Has sections on Understanding the horse, equipment, and care of the horse as well as riding techniques for both English and Western styles.

  13. To Deborah Trask.

    How sad! Here you are with love for animals, especially for dogs and horses, with a horse that you have developed a good relationship with, and not feeling competent? able? enough to ride! In my experience horses do not mind at all about competence. They will be as careful with you as with a young child, if only you are aware of your feeling(s), be fully conscious of it and admit it. Try to have faith. You can trust horses. If you have the right intentions they will be careful with you.
    Why not invite an instructor to do just a simple stepping lesson for half an hour? There is no law that says you should do trot and canter right away. You can do stepping lessons for half a year, or for as long as you like, because it is you who knows your own mind and body best.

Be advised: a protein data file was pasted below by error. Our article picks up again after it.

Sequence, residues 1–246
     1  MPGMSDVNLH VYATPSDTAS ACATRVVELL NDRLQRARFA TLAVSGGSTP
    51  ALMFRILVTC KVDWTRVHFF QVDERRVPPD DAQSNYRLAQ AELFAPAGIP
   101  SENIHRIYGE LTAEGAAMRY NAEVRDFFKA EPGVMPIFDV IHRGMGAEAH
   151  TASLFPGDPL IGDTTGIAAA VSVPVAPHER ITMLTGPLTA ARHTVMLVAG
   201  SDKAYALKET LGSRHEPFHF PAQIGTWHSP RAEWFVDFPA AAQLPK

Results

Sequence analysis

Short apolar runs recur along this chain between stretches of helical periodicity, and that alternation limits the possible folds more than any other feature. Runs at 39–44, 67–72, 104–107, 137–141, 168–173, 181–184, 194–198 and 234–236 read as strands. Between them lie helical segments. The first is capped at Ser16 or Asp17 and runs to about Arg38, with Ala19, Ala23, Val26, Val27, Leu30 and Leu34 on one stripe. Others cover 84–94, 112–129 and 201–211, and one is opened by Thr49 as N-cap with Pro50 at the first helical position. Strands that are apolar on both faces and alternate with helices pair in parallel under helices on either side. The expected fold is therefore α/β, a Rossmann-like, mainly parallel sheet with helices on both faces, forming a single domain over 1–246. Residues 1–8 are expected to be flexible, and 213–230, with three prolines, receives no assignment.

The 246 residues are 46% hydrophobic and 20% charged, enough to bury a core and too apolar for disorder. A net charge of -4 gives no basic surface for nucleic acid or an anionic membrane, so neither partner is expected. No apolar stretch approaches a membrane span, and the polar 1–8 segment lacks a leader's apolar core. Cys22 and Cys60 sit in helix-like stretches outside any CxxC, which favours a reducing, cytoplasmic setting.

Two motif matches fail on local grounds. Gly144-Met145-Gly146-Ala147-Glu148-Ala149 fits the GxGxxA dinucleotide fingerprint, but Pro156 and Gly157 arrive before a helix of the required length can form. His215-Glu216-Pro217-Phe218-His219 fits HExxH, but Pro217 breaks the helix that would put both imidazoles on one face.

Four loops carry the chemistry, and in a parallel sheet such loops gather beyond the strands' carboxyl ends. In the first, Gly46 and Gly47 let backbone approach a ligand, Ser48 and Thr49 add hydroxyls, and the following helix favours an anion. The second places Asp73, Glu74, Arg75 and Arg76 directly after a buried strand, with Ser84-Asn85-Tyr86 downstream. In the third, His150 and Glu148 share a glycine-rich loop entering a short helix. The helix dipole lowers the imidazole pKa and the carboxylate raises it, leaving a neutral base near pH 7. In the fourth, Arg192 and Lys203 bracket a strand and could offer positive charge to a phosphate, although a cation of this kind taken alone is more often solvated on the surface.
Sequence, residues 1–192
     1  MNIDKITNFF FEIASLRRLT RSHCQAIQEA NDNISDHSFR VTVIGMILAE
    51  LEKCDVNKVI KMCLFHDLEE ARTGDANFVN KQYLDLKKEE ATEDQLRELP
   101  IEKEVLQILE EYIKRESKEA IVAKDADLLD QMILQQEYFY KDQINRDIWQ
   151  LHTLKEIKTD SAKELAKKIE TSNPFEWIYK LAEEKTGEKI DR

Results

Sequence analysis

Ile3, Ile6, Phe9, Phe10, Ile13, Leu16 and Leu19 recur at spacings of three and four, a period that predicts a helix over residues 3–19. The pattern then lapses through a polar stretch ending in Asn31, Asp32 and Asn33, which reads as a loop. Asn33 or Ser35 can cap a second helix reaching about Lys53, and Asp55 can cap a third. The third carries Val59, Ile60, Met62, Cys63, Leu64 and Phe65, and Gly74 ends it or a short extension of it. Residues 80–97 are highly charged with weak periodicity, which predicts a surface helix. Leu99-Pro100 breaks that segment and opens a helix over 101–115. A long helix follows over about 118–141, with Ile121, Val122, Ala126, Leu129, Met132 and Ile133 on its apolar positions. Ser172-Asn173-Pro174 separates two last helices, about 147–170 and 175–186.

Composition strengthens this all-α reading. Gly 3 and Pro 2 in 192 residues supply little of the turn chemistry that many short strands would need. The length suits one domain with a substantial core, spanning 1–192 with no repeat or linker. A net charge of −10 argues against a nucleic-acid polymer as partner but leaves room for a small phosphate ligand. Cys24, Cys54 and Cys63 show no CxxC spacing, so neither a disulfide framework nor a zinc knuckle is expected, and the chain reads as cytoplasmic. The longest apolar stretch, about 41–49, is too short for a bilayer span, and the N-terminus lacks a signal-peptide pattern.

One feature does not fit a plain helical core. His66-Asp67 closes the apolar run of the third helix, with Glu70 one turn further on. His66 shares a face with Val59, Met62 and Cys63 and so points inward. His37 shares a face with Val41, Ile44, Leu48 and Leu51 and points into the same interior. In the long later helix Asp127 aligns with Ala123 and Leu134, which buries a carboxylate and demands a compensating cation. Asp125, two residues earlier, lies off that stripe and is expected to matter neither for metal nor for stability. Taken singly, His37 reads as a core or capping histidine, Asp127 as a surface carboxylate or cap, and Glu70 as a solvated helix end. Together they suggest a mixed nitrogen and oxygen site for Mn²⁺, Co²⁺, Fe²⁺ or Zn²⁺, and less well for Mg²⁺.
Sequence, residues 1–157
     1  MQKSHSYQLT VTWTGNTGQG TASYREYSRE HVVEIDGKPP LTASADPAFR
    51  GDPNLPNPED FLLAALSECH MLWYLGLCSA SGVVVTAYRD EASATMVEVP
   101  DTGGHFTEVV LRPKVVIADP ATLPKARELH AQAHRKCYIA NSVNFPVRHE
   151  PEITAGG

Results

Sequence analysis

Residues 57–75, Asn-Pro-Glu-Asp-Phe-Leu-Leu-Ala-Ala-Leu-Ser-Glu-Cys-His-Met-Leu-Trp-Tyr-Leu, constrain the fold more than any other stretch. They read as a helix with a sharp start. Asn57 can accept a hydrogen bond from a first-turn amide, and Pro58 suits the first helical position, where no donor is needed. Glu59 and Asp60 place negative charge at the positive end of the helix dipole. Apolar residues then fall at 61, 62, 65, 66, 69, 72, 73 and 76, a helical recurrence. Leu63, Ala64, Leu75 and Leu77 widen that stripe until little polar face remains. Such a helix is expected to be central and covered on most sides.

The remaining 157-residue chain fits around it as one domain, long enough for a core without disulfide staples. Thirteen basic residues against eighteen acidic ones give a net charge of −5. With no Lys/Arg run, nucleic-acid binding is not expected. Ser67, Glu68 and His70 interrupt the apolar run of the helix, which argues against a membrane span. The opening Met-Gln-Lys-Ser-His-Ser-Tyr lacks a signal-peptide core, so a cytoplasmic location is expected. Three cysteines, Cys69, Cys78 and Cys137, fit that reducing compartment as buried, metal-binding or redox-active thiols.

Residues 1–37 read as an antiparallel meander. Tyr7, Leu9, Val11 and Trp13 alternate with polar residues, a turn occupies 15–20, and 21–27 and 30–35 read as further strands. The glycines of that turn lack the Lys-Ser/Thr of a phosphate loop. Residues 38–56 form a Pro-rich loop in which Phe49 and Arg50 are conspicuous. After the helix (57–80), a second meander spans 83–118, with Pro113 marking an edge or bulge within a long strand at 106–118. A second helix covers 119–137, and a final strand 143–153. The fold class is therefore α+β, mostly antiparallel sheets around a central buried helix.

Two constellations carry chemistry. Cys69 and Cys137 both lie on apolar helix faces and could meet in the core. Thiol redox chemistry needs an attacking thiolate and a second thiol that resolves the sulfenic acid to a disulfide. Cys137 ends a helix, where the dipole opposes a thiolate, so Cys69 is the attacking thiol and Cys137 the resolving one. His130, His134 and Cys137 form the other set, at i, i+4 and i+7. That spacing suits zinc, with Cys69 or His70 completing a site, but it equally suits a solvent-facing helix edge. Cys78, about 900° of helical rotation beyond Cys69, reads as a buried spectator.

I am 73 now, started 1,5 year ago ( after 50 years not riding) and for the first time in my life spent last week riding outside on horses I did not know, but only with beginner-groups, and no cantering! Horses are sincere and if you are too, you will be okay is my experience.

  14. I love Centered Riding, too.

    A book that I’m reading now, and that I like a lot, is: When Two Spines Align: Dressage Dynamics by Beth Baumert.

    Thank you for everything that you do. You are helping me :0)

  15. Here are my suggestions on horse books, not necessarily training books. These three create the special world of horse and human and put the reader in it wonderfully: The Hearts of Horses by Molly Gloss, Lady Long Rider by Bernice Ende, and Hotspur by Rita Mae Brown.